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“I think he’s frankly out of touch, not just with where other candidates are, but out of touch with where American voters are,” said Destiny Lopez, co-director of the All* Above All Action Fund, an advocacy group that lobbies to expand abortion access and eliminate funding bans.

A recent poll from Morning Consult shows Democratic voters care more about women’s issues in the wake of restrictive state laws.

“The other candidates have recognized we are in a crisis moment in this country,” Lopez said.

With Biden atop the Democratic field in most national polls, his fellow White House hopefuls were quick to weigh in on Wednesday.

Warren and Sen. Bernie SandersBernie SandersSanders on difference with Warren: she's a capitalist 'I'm not' Sunday Show Preview: Trump's allies and administration defend decision on Syria Klobuchar takes shots at health and education plans supported by Sanders and Warren MORE (I-Vt.), who have both campaigned on ending the ban in response to restrictive abortion laws in states like Alabama, took the opportunity to reiterate their positions.

“There is no middle ground on women’s rights,” Sanders tweeted Wednesday.

“Abortion is a constitutional right,” he said, noting that his “Medicare for All,” single-payer health care plan would “repeal the Hyde amendment.”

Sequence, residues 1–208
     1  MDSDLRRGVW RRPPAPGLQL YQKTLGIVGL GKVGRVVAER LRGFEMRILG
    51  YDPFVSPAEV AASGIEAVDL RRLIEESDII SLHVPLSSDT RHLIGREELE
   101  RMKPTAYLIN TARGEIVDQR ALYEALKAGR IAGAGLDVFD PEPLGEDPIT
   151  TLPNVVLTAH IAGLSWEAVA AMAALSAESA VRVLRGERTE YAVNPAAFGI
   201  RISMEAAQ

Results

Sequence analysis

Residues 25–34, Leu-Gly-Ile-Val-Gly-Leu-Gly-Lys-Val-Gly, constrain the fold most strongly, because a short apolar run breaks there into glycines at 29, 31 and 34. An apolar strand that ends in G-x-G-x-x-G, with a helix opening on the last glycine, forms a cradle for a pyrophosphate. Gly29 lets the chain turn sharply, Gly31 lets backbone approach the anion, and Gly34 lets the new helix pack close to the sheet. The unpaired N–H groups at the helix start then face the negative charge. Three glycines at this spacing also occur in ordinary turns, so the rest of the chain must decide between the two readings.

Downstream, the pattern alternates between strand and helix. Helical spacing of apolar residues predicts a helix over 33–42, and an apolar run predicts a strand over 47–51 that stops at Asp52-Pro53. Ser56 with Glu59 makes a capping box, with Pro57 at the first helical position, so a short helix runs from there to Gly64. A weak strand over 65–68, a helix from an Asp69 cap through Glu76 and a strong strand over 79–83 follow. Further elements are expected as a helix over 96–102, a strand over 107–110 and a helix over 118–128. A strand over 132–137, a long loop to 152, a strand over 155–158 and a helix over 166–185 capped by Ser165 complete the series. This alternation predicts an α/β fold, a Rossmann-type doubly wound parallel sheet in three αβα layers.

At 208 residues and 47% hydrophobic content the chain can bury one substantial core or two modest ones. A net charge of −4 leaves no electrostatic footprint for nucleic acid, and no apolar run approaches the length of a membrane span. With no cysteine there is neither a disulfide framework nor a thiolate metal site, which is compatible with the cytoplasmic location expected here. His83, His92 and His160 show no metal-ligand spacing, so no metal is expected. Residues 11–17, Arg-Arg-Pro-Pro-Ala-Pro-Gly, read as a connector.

Biden’s stance on the Hyde amendment highlights a lifelong struggle to balance politics with his personal beliefs on the issue.

As a devout Catholic who says he personally opposes abortion, Biden supported the Hyde amendment throughout his decades-long career in the Senate. 

So abortion rights groups cheered when he told an activist last month that he wants to end the federal ban.

But his campaign told The Hill on Wednesday that he misunderstood the question and doesn’t actually support ending Hyde, adding that he might be open to reconsidering in the future. 

If Biden wins the presidency, his stance on keeping the Hyde amendment could put him at odds with Democrats in Congress who want to repeal it.

A House bill that would end federal bans on abortion funding has the support of more than half of the House Democratic Caucus.

His position is also antithetical to the Democratic National Committee platform, which calls for a repeal of Hyde.

“This is a constitutional right for women to be able to access abortions and be able to make decisions about their own bodies, and the things that get in the way of that — particularly for those low-income women, for rural women, for women who live in states where those rights have been trampled on — is a serious issue for the entire country,” Rep. Pramila JayapalPramila JayapalDemocrats see whistleblower report as smoking gun House Democrats say memo of Trump call bolsters impeachment case State Dept: Trump travel ban denied more than 31K people entry to US MORE (D-Wash.), co-chairwoman of the Congressional Progressive Caucus, told reporters Wednesday.

“I hope our presidential candidate will be bold about recognizing that,” she added.